Some notes by Trump staffers have ended up as tell-all books, but Special Counsel Robert Mueller's report also drew from contemporaneous notes, shining new light on Trump's actions — and his strong aversion to note-taking, especially since he can no longer rely on nondisclosure agreements.

Mueller's team obtained notes or contemporaneous memos from former White House Counsel Don McGahn, his deputy Annie Donaldson, former White House Chiefs of Staff Reince Priebus and John Kelly, former Trump campaign chiefs Paul Manafort and Corey Lewandowski, adviser Stephen Miller, and other advisers, lawyers, and government officials. Some of them kept notes of alarming conversations with Trump in safes, according to Mueller's report.

We know Trump hated note-taking from McGahn's notes and Trump himself, who alleged in a Friday tweet that some "so-called 'notes' ... never existed until needed" and contained "total bullsh-t." Trump also publicly berated former National Security Adviser H.R. McMaster for taking copious amounts of notes, the Times reports.

W. Neil Eggleston, who served as a lawyer for President Bill Clinton and as president Barack Obama's White House counsel, told the Times he "didn't take notes when I worked with either president," but to protect the presidents, not make sure he wasn't "part of a criminal conspiracy," like Trump's aides. "To create records of information that was quite harmful to the president, that is really remarkable," he added. "And to do it and then stay on and continue to write them, is really something to me." Read more at The New York Times. Peter Weber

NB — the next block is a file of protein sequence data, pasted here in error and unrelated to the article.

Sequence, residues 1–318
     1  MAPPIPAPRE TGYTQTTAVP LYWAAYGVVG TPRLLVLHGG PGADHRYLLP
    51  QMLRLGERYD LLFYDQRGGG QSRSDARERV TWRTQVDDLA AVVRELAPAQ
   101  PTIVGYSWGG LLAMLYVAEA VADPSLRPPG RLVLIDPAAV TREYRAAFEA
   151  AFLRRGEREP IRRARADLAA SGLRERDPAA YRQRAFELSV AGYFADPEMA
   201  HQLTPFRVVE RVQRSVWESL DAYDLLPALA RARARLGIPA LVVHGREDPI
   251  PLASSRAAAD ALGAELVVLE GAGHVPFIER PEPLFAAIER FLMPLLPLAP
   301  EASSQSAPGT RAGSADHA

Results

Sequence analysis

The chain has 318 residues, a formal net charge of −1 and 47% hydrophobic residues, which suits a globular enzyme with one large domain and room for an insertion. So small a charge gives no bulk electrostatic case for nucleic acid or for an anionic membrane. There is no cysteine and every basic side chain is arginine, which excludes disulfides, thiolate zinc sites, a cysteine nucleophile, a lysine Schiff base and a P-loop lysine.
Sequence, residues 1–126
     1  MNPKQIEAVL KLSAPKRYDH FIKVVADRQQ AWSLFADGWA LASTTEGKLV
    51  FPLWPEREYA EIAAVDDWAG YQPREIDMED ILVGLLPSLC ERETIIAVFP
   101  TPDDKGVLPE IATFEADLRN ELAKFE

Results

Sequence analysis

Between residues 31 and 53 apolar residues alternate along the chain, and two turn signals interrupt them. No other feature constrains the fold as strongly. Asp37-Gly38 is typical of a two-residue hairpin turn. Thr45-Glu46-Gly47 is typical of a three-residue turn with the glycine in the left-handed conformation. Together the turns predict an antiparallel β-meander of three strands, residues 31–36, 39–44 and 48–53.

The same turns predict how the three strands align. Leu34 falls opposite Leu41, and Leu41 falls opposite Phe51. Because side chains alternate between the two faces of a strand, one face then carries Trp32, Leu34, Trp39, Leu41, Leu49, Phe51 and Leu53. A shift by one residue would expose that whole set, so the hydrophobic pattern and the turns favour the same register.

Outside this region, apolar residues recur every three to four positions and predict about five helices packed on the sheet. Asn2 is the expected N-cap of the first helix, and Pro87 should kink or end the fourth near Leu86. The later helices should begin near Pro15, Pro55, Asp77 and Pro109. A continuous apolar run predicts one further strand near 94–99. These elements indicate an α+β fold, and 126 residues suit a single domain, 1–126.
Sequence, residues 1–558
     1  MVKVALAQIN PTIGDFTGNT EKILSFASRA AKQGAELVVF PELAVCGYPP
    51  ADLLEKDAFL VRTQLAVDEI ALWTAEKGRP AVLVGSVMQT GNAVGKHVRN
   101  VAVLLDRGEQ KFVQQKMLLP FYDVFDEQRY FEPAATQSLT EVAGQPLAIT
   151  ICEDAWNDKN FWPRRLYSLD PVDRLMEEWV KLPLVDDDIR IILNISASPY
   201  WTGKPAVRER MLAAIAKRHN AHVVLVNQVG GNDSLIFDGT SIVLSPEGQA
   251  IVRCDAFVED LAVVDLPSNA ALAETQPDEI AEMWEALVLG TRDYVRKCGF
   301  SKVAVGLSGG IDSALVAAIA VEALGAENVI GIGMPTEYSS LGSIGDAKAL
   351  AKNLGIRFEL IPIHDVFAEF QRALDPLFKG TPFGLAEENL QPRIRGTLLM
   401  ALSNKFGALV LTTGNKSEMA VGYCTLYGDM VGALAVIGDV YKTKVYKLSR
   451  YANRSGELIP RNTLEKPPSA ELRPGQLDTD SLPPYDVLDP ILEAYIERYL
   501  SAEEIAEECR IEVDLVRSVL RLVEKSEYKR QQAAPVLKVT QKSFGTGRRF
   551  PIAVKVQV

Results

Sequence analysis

April 21, 2019

Every time Avery Fauth, her two sisters, and her parents visit North Topsail Beach in North Carolina, they scan the sand, hoping to spot an ancient megalodon shark tooth.

The family kept up their tradition while at the beach over spring break. As they walked along, Fauth, a middle school student from Raleigh, saw something that caught her eye. Intrigued, she went to the object, which was buried in the sand. "I uncovered it and it keeps coming, and it's this big tooth, and then I hold it up and I'm screaming for my mom," Fauth told WECT.

It was a megalodon shark tooth, and her father, who started searching for megalodon teeth 25 years ago and got his daughters hooked on the hunt, was stunned. "I was really shocked and excited for her that she found something that big," he said. The megalodon, the largest shark ever documented, went extinct millions of years ago, and Fauth's tooth could date back three million years. "They're really rare to find and they're some pretty big teeth and they're pretty cool," she said. The tooth will live in a "special box" inside Fauth's home. Catherine Garcia